Telemedicine has yet to gain a foothold in rheumatology practice. A quick Google search shows but a handful of articles, most with headlines, such as, “Does Telemedicine Work in ‘Hands-on’ Specialties?” or “Seven Reasons to Embrace Telemedicine.” And the legal barriers, such as licensure, consent, patient encounter, scope of services, reimbursement and patient privacy, can be challenging to overcome.
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Yet practitioners utilizing telemedicine—also known as telehealth—for their rheumatology patients really love it. It solves many of the access issues rheumatology patients encounter and can increase provider productivity, according to Daniel Albert, MD, professor of medicine and pediatric rheumatologist at the Center for Telehealth at Dartmouth-Hitchcock Medical Center in Lebanon, N.H.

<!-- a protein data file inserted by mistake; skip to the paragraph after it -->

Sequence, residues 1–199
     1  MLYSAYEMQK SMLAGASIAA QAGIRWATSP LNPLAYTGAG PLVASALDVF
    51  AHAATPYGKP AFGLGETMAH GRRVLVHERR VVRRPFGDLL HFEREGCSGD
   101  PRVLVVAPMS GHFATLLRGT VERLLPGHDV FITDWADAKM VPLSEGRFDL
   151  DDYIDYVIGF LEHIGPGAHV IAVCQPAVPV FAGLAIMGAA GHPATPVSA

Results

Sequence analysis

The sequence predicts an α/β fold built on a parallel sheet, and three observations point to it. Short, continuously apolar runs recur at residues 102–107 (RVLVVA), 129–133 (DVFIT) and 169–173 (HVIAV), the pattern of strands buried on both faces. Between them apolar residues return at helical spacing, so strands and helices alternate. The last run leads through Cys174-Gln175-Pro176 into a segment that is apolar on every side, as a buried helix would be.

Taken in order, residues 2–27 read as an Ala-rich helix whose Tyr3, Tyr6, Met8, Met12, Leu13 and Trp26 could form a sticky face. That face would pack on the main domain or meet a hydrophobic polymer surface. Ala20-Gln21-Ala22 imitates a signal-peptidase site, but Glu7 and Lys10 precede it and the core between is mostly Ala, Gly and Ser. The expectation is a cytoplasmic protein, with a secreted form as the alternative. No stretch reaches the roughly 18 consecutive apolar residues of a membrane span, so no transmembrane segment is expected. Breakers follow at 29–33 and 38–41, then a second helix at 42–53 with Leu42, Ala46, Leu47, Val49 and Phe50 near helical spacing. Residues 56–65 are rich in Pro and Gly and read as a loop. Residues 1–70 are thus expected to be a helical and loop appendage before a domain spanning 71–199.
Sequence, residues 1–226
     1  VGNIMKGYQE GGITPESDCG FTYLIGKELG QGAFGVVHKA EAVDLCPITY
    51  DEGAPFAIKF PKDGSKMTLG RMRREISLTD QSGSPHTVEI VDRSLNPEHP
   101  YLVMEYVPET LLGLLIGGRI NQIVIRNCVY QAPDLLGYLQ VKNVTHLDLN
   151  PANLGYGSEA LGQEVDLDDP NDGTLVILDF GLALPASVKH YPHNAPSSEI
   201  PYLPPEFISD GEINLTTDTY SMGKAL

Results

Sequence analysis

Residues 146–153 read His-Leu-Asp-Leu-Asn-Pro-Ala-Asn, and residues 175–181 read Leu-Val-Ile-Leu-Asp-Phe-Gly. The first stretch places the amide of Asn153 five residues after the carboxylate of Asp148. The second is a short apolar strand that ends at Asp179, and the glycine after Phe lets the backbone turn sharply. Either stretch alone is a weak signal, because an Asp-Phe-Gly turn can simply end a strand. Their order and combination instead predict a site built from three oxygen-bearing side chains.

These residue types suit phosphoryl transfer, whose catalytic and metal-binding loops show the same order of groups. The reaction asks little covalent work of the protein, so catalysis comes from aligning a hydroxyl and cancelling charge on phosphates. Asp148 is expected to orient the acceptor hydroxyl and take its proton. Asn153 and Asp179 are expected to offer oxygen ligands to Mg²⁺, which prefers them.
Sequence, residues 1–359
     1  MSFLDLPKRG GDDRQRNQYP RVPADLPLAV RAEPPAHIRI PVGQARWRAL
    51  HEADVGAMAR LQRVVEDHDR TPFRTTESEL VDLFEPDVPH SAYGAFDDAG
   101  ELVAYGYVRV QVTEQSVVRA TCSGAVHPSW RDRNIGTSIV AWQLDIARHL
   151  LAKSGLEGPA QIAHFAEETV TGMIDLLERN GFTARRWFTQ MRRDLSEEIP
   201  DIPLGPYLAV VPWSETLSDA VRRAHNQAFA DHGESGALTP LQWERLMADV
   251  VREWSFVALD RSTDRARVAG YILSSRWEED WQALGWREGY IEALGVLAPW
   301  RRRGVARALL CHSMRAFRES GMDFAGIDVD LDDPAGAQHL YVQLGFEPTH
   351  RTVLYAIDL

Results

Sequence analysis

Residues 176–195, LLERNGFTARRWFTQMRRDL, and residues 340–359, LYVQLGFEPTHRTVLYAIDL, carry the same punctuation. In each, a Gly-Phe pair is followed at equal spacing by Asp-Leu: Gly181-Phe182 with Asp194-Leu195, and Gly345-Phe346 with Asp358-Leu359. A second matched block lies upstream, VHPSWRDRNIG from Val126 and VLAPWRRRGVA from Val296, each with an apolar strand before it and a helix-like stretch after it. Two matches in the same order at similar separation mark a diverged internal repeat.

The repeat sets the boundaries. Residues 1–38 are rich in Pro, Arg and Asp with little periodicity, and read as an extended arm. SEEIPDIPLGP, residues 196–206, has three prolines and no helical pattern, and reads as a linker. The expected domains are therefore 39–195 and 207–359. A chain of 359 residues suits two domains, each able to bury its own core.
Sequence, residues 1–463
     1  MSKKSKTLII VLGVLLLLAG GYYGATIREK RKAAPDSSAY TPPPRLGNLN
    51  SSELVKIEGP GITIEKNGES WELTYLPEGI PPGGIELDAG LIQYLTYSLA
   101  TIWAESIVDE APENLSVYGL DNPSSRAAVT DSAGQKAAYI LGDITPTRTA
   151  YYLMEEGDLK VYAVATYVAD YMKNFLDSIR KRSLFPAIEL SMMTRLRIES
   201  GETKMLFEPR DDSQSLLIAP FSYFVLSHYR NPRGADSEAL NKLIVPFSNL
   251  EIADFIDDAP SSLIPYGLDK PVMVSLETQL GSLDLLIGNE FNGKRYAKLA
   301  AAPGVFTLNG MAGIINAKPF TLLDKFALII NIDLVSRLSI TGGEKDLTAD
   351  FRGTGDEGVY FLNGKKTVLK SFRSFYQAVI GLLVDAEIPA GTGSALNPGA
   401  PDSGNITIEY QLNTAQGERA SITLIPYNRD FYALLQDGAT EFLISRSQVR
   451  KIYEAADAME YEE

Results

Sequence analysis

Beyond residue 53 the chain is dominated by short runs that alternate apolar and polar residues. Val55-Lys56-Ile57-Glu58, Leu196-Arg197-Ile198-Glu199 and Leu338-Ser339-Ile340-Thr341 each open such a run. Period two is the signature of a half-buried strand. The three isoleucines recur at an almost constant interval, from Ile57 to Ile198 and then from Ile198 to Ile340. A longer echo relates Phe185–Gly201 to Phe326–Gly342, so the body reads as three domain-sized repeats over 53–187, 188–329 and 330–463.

“There are a lot of patients we see that cannot get to us at all,” says Dr. Albert, who adds that access is not just a rural issue. “Telemedicine is far, far better than the care those patients are getting, which is no care at all.
“The other motivating factor is money. It saves time and money, for the patient and for the providers. There are a lot of applications for telemedicine. If you can overcome the administrative barriers, it can be widely used.”